Classifieds powered by Gulf News

Long queues to watch women’s cricket is a great sign

Soon men and women cricketers will be named as idols in the same breath

Gulf News

The ICC Women’s Cricket World Cup has come a long way. Through the 2017 edition which ended on Sunday, the women have shown that they can make people throng the stadiums by producing exciting contests.

No one ever thought that such long queues will ever be witnessed to enter the stadium for women’s cricket.

Through an entertaining final at the historic Lord’s ground between hosts England and India, it has become obvious that women’s cricket as a whole is set for more glory in the coming days.

For those who are blinded by men’s cricket glamour need to understand that women’s World Cup is older than men’s as the first Women’s World Cup was held in 1973, two years before the inaugural men’s event.

It wasn’t a smooth journey for women’s cricket. Initially, the Women’s World Cup was organised by International Women’s Cricket Council and only in 2005 they merged with the International Cricket Council.

There was a time when due to lack of funds several countries declined to even contest in it and the world cup could be staged at times only after a gap of six years.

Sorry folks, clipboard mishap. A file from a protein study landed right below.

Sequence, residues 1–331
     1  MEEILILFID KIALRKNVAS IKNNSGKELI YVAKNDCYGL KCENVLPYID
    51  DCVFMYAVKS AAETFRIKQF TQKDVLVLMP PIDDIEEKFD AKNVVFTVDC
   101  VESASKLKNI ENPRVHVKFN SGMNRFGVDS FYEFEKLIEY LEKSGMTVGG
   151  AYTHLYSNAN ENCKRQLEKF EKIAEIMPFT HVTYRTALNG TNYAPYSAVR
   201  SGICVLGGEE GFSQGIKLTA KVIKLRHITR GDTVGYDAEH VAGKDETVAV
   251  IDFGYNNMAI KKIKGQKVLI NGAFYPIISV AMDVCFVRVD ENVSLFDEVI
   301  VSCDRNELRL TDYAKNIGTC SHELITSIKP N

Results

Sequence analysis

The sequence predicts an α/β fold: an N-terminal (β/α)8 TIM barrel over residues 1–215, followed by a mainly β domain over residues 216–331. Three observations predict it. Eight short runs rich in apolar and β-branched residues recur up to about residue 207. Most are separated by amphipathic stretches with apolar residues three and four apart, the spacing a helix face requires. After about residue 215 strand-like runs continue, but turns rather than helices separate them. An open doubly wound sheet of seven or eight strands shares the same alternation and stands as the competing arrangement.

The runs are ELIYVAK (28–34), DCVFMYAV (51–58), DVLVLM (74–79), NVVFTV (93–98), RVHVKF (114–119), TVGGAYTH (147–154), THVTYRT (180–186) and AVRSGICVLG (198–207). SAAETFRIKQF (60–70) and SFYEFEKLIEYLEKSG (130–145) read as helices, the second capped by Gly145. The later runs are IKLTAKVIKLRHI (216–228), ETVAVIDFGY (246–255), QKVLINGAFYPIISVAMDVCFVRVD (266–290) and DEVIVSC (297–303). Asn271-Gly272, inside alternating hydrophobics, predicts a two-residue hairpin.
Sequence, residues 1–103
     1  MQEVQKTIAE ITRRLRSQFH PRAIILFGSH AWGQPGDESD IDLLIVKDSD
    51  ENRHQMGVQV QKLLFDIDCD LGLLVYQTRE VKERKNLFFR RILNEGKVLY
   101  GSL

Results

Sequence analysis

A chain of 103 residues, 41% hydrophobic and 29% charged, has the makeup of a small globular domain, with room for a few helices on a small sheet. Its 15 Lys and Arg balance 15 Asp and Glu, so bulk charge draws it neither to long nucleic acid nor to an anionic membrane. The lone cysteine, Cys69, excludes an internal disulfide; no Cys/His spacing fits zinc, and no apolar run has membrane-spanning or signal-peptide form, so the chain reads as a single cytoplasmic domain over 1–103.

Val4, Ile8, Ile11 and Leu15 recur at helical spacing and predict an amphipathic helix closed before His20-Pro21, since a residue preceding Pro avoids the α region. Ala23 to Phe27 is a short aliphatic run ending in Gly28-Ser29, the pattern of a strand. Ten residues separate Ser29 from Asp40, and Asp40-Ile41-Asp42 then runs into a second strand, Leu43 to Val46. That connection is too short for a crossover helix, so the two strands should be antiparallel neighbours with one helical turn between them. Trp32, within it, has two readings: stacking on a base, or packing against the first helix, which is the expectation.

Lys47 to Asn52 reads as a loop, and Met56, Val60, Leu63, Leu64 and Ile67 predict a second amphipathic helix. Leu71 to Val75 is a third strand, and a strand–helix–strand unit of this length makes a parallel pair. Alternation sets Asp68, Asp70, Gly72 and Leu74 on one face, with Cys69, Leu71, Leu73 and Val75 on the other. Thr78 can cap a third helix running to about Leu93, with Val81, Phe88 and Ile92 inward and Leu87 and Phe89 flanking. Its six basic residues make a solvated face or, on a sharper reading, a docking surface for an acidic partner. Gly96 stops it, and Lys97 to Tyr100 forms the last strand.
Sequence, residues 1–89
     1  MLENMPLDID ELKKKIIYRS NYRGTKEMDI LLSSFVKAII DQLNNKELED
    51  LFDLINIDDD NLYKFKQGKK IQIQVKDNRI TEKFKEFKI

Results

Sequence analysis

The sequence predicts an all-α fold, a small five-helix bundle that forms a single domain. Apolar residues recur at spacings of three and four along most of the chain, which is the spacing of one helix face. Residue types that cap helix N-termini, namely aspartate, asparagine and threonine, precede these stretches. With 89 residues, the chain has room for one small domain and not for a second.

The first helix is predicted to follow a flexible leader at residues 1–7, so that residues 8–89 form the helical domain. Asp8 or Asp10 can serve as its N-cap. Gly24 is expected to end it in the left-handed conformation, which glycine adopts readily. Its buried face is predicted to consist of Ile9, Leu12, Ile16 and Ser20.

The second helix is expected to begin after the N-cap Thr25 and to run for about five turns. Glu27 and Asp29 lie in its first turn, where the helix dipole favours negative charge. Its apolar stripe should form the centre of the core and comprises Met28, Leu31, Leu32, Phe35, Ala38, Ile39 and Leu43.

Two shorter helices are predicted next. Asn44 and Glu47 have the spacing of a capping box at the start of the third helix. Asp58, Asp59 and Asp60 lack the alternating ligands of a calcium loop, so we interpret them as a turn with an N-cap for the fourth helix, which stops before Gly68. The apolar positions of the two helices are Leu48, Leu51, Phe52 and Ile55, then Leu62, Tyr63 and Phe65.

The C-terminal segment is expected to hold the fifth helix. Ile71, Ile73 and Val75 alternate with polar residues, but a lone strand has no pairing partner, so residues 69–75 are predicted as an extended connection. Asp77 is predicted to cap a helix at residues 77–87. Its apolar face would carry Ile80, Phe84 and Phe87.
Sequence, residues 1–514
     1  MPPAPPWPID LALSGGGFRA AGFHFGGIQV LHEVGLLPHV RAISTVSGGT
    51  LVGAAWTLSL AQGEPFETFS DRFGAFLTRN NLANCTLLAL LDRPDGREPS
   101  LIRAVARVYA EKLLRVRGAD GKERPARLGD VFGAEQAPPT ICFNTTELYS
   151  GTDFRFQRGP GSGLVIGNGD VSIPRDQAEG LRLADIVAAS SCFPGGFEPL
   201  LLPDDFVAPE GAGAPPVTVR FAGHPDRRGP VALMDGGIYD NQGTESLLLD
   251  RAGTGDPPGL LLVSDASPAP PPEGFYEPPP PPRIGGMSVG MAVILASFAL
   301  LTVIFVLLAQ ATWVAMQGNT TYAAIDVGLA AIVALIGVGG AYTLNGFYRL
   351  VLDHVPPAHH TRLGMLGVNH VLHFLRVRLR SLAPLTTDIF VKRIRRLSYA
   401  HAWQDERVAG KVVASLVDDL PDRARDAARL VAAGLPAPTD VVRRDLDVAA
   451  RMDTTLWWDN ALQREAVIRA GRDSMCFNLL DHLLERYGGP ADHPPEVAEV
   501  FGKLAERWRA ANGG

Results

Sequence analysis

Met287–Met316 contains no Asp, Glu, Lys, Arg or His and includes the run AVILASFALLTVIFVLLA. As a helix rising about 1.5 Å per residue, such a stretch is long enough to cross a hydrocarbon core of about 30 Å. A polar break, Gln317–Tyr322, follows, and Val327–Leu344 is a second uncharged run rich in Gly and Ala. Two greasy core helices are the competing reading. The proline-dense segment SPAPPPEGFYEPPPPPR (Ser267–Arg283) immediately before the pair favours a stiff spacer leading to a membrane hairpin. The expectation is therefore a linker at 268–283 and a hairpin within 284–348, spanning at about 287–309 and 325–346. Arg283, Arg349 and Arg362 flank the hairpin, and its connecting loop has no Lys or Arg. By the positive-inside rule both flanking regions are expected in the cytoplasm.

If women hadn’t worked hard on their game, their cricket would not have been attractive.

For this edition the prize money for the tournament had increased to $2 million, a huge increase on 2013’s figure of just $200,000.

There was a time when people who were least interested in watching women’s cricket used to comment that their skill level and calibre was terrible and boring to watch.

No one would have put in any money for women’s cricket had they produced poor cricket. This year every world cup match was even telecast live.

It was a delight to hear fans who discussed only about men’s cricket debate on the chances of the teams that can win the Women’s World Cup.

Indian captain Mithali Raj is now being compared with Sachin Tendulkar for her consistency.

Women cricketers too now dream of fame and even set milestones.

England’s Anya Shrubsole who destroyed India in the final at Lord’s at the age of 10 had promised her father that one day she will play at this historic ground.

It is indeed laudable that ICC is willing to back women’s cricket in a big way.

The reason is reflected in one of ICC chief executive David Richardson’s comment on women’s cricket when he said that there is a growing interest globally in women’s sports and that ICC want cricket to be in front and centre of this and lead by example.

The very fact that fans are approaching women cricketers for autographs is a great sign. The day when fans will name men and women’s cricketers in the same breath as their idols is not far away.